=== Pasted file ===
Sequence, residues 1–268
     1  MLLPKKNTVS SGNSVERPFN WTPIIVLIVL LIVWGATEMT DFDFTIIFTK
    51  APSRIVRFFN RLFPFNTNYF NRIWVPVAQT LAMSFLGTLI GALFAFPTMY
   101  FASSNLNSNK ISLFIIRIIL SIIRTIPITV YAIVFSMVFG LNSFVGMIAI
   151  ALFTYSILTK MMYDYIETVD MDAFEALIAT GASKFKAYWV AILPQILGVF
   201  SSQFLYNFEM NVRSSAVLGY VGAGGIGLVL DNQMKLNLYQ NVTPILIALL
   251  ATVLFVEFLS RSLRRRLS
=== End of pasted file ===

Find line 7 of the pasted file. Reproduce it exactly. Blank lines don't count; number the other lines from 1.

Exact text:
   251  ATVLFVEFLS RSLRRRLS